What is it?
The practice of isolating malware, or software that is suspected to contain malware, within a contained or quarantined environment to observe and study its communications, infection vectors, and other behavioral heuristics.
Why is it important?
Sandboxing allows security researchers to investigate malware execution, heuristics, and communications within an isolated environment and aids in the development of indicators of compromise (IOC) and anti-malware signatures.
Why does a business professional need to know this?
Sandboxing is one of many techniques security researchers use to observe complex malware, including advanced persistent threats (APTs). This technique contains malware within a virtual environment that allows it to function only within predefined and enforced limits.
By using virtual environments to mimic vulnerable targets, a cybersecurity specialist can execute malware under controlled conditions. Malware can be unpredictable and difficult to contain in the wild, and isolating it can be the only way to determine the mechanism by which it infects, proliferates, and communicates.
Of particular importance to cybersecurity specialists are the IOCs that can be garnered from sandboxing. Attackers often leverage techniques that exhibit distinct exploit patterns. These patterns can be observed using sandboxing techniques, then used to identify similarly functioning malware and, potentially, attribute the malware to a particular source.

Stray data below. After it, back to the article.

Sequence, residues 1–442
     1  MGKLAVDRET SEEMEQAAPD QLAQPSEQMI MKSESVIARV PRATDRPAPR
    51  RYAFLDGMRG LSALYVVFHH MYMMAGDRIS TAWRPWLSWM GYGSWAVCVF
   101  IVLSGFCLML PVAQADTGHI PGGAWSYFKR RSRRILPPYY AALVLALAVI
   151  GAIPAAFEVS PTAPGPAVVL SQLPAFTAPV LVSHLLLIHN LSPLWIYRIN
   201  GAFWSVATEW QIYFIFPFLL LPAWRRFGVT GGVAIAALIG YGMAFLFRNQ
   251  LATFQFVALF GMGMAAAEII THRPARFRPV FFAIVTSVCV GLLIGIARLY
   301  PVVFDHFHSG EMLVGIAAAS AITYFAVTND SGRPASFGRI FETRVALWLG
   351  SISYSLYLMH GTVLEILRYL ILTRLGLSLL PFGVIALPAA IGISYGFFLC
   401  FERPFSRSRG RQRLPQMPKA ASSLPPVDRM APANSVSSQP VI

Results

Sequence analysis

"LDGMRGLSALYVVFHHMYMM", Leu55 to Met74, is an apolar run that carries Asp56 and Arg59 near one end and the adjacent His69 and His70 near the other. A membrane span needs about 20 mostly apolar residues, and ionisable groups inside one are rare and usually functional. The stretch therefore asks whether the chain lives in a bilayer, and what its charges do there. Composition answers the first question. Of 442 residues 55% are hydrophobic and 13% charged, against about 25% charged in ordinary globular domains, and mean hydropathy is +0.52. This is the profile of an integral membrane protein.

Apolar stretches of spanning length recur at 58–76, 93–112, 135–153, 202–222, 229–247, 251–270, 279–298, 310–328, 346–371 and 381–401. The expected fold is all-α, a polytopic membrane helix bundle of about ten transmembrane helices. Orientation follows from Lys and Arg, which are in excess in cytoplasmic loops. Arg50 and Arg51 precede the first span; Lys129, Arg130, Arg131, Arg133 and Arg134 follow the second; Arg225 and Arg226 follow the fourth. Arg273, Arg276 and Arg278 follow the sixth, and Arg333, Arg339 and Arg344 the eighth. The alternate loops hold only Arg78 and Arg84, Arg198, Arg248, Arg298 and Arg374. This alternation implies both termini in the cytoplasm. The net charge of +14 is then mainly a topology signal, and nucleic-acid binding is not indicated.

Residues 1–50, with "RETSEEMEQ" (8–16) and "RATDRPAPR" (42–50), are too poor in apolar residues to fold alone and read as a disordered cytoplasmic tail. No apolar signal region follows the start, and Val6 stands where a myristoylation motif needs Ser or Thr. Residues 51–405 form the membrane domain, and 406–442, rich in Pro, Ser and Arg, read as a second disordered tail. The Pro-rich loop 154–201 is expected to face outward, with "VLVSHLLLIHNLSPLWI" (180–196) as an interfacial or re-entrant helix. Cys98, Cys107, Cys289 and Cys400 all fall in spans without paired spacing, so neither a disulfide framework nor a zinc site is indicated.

Although sandboxing is a viable tool for researching malware behavior, sophisticated APTs can detect the existence of a virtual environment (i.e. sandbox) and either not execute or disable themselves, making it difficult or impossible for a researcher to investigate(Levy 2016). However, sandboxing remains an important technique in a cybersecurity specialist’s arsenal(The Sandbox).
- (The Sandbox) Understanding the Sandbox Concept of Malware Identification: The Sandbox. Discusses the need for sandboxes -- designated, separate, and restricted environments (or containers) with tight control and permissions -- where computer code can run without causing damage.
- (Levy 2016) 2016: Time for Security to Take its Head out of the “Sand” (box): Levy, Israel (2016). Infosecurity Magazine. Examines an alternative approach to sandboxing, an endpoint protection approach known as containerization. Discusses the pros and cons of virtual containers as a cybersecurity tool.